Eco-farmer nurtures dreams of tourism

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Editor’s note: In the run-up to the 19th Communist Party of China National Congress, China Daily sent six reporters to villages nationwide to live for a month and take a look at how people are working under China’s poverty eradication plan.

Hu Zhongqing, 27, left Chengmagang town in Macheng city, Hubei province, nine years ago for college, where he majored in horticultural studies.

Like most people born in the 1990s, he found jobs in big cities after graduation and set aside his dream of building an eco-farm in his hometown.

Last year, however, he heeded his heart and started a business back home.

“I and some of my roommates in college used to talk about combining ecological agricultural and sightseeing, and I’ve now put the idea into practice,” Hu said.

He rented about 12 hectares of woods and farmland in Hongxing, a mountain village in Macheng, from other villagers last year and planted 3,800 fruit trees, some nursery stock and rice. He also built several ponds for growing lotus.

“All my agricultural products are free from pesticides and chemical fertilizers,” he said.

He achieves that through ecological recycling – a process that requires a few pigs, cattle, sheep, 1,000 chickens and ducks and a compost pit that turns animal excrement into green fertilizer.

Hu saw an opportunity to combine ecological agriculture with rural tourism. He plans to introduce an oil-pressing mill, a tea- and tofu-making house, fruit picking, visitor accommodations and leisure activities to create an experience-oriented agricultural tourism destination.

Chengmagang is an old revolutionary base in Dabie Mountain and had long been in poverty. Since the latter half of 2015, the town developed fast under President Xi Jinping’s call for “targeted” poverty relief.

At the end of last year, Hongxing was declared poverty-free, with average per capita net income at 8,180 yuan ($1,200) a year, according to the authorities – significantly above the poverty line of 3,500 yuan.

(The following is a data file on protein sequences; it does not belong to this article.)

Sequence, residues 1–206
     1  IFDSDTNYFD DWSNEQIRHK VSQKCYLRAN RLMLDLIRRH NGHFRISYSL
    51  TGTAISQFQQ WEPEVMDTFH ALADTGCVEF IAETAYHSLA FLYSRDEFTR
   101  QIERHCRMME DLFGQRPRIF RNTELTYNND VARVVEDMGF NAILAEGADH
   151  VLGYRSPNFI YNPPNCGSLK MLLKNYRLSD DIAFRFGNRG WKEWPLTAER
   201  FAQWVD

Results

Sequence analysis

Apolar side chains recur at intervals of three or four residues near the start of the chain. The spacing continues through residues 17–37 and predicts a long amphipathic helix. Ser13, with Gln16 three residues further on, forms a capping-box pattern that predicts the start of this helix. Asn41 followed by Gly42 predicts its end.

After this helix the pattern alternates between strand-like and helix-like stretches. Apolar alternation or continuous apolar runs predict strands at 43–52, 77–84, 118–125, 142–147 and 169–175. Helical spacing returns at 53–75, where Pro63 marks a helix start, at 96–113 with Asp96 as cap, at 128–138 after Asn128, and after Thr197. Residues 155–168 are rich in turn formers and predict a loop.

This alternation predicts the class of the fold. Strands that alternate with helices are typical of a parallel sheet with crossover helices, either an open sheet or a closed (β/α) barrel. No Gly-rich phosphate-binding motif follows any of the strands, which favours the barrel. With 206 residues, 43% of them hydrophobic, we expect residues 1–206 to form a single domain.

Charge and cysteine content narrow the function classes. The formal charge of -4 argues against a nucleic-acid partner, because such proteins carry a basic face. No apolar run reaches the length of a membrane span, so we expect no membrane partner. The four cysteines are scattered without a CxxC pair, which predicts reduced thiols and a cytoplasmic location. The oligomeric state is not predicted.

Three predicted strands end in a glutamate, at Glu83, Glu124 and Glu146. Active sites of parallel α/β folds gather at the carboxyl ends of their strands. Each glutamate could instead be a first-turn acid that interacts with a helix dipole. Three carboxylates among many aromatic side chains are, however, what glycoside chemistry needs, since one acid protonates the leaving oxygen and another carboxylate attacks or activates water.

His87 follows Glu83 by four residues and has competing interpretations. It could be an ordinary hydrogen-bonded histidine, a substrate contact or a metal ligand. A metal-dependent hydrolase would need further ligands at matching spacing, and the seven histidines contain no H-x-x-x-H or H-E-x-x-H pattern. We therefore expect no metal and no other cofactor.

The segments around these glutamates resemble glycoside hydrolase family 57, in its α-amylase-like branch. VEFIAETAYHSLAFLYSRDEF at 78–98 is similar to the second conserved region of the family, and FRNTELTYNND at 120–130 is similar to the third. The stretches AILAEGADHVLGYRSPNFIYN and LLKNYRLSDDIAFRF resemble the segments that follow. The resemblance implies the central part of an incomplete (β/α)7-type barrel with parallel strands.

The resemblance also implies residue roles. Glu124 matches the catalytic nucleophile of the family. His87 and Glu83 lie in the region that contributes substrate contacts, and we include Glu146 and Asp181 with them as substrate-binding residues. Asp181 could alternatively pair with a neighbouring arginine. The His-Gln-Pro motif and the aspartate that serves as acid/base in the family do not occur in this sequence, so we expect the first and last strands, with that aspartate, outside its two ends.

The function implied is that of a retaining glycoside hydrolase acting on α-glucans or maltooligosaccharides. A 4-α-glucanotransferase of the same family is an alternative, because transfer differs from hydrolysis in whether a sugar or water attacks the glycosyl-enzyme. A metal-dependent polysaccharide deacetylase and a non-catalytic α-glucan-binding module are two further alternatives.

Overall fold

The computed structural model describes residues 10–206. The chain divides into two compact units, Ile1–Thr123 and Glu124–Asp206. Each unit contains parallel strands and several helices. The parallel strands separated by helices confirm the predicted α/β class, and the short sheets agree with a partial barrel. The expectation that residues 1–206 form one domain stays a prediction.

Hu’s farm is near three tourist attractions and only 500 meters from the intersection of two regional highway arteries: an expressway – which runs between Daqing, Heilongjiang province, and Guangzhou, Guangdong province – and the “red tourism” route around the Dabie Mountain, revolutionary base areas from the mid-20th century.

“Tourists from cities can drive to my garden the moment they get off the expressway, and those on the ‘red tourism’ route can also have a rest here,” Hu said, adding that he hopes in one or two years his garden will attract nearby citizens to experience rural culture and green living. And he has confidence in the prospects.

“More and more citizens like to spend leisure time in rural areas,” he said, “but there are no facilities or services to cater to their needs here. Restaurants are far from enough.”

Hu is in the initial stages of the business. He can enjoy 50,000 to 200,000 yuan in preferential loans offered to university students who start businesses.

“National policy encourages the development of ecological agriculture and the Hongxing community committee also gives me full support,” he said.

“His idea is pioneering, and his business has the potential to lead the community’s development,” said Yi Jiazhi, Party chief of Hongxing.

One-third of villagers go to big cities for work, leaving one-third of the land deserted. Hu rented some villagers’ wasted land.

“The country is pushing supply-side structural reforms in agriculture. One of its goals is specialized land use,” Yi said. “We must help professionals plant agricultural products and raise livestock on aggregated land.”

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(China Daily 06/22/2017 page5)